Truman seemingly has everything: high-paying career, luxury automobile, huge house, beautiful wife, precocious teenage daughter, and all the expensive accouterments of the consumer economy. When he looks at the neatly compiled jigsaw puzzle of his life, however, he feels empty, deeply dissatisfied. The image of his wife in the passionate throes of an affair for hire crushes his naiveté, and forces him to confront the realization that his wife is wrestling with the same lack of fulfillment he is trying to understand in himself. After finding the phone of that escort, he assumes his life with an inquiring, first-time client, hoping to have his own moment of sexual adventure, but also, learn about the experience that his wife secretly desired and attained.
The love story enters the lives of Neil and his wife, Grace, 20 years after their honeymoon, and, according to Jablonski, “shows how two separate people on different paths have broken apart, but are trying to find their way back to each other.”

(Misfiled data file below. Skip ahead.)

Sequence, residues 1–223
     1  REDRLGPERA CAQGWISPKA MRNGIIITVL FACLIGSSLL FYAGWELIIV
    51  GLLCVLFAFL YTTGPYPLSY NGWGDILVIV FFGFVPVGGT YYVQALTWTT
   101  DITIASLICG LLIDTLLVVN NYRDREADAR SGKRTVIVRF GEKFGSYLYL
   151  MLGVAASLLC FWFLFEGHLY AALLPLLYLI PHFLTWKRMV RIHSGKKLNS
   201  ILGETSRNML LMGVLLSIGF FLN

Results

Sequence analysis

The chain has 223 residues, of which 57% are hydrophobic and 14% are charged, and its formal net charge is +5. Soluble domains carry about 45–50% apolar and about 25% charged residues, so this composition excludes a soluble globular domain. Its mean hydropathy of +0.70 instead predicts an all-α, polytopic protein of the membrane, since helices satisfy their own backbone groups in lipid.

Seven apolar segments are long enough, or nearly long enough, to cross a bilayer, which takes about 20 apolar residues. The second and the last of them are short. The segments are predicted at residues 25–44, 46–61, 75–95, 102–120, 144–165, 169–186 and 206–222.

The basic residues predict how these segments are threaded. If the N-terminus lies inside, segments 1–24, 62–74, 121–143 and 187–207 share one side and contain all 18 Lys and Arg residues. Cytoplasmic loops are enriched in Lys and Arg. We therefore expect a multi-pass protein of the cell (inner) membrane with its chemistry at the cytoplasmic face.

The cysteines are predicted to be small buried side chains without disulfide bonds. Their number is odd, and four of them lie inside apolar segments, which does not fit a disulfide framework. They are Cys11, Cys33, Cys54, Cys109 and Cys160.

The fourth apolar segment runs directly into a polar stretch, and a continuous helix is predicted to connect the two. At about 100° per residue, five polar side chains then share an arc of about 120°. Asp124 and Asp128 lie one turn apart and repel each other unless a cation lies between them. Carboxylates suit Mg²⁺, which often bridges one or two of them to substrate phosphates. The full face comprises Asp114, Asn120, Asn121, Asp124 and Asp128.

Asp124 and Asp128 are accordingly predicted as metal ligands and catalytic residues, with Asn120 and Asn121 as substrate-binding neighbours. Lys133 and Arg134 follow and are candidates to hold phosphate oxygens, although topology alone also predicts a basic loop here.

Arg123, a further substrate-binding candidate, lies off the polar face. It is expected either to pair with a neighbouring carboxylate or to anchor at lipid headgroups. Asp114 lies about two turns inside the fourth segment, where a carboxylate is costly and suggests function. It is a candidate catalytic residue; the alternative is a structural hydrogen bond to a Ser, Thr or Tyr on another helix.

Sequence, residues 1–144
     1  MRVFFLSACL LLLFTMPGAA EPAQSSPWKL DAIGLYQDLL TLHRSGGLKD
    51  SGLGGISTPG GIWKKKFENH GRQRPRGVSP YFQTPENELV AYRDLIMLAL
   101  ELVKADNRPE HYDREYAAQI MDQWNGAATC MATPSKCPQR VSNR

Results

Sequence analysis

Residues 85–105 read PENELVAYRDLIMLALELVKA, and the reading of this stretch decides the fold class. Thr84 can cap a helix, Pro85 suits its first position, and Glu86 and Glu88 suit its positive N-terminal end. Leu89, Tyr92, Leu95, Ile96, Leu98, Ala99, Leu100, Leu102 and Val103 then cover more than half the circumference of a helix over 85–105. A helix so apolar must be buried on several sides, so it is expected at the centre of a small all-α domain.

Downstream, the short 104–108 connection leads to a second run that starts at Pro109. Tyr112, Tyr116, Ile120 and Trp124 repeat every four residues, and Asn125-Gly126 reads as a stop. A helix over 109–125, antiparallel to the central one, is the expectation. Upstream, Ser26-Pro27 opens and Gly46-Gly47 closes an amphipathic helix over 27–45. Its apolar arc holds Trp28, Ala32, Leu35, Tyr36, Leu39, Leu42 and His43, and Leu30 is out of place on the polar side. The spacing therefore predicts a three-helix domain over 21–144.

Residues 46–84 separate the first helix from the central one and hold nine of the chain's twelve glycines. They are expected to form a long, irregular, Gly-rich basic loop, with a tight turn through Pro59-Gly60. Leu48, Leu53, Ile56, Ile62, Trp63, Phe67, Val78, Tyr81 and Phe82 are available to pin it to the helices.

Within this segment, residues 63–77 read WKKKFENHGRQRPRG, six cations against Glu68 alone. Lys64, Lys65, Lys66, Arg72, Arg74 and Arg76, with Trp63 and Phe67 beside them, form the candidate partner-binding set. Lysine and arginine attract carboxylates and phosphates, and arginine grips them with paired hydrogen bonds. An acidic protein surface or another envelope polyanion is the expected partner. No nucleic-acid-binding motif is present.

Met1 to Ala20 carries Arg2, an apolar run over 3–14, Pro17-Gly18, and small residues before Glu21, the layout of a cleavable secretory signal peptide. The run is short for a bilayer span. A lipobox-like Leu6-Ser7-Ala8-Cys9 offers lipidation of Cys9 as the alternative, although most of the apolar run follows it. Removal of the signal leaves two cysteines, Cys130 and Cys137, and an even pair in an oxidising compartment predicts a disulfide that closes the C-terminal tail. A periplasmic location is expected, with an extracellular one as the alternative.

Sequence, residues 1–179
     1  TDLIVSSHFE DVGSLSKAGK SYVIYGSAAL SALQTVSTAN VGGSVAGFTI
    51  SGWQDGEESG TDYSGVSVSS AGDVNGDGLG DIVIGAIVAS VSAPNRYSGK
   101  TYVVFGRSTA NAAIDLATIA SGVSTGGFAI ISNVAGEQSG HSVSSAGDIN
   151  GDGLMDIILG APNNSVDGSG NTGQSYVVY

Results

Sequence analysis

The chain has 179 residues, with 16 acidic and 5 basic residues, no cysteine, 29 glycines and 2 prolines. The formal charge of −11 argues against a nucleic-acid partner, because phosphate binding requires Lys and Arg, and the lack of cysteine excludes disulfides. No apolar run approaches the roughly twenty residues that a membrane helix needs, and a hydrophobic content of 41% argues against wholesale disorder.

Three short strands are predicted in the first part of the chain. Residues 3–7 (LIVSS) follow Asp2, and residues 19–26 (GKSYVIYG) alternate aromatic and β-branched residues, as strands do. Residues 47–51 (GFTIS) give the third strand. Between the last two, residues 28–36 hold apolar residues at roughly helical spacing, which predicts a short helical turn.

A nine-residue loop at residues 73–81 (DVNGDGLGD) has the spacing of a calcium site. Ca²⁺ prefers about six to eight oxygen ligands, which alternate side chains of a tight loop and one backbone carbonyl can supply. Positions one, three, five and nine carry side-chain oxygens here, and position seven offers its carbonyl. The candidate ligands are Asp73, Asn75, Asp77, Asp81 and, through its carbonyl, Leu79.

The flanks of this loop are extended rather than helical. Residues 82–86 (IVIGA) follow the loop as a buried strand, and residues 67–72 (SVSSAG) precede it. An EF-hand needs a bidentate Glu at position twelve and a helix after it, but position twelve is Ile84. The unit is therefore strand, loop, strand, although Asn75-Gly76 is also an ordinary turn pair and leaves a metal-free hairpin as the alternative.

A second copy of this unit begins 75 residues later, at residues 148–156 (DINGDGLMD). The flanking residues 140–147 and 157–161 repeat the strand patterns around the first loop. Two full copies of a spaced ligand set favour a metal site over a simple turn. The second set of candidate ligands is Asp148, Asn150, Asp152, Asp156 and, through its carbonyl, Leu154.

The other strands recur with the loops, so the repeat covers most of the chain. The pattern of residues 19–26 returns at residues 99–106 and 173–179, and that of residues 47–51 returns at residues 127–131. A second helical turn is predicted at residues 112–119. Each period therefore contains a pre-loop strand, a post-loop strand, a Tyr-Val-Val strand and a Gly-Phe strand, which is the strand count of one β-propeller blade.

Underrated and deserving of more attention, Satisfaction explores the concept that gives the show its name, while examining the universal search for meaning. Jablonski is aware that there is a hierarchy of needs, saying, “Many people might look at a wealthy, white couple in the suburbs and ask, ‘How could they have problems?’ Well, it isn’t the same as wondering where your next meal or paycheck is coming from, but everyone wants to find happiness, and that’s what the show is about.”
Satisfaction grew out of Jablonski’s own wrestling with the inquiry the characters investigate. “Having been married myself for 14 years, and having two kids, and understanding the same issues Neil and Grace face, it is my own, heightened way of trying to understand my own relationship, and the modern approach to romance and coupling.”
Great art has the ability to simultaneously reflect and predict developments in its culture. Satisfaction subtlety demonstrates how materialism and the transactional obsessions of American consumerism are shallow substitutes for real meaning. It also shows how, emotionally, America needs to catch up to keep pace with the rapidly changing intellectual formulations of marriage and sex.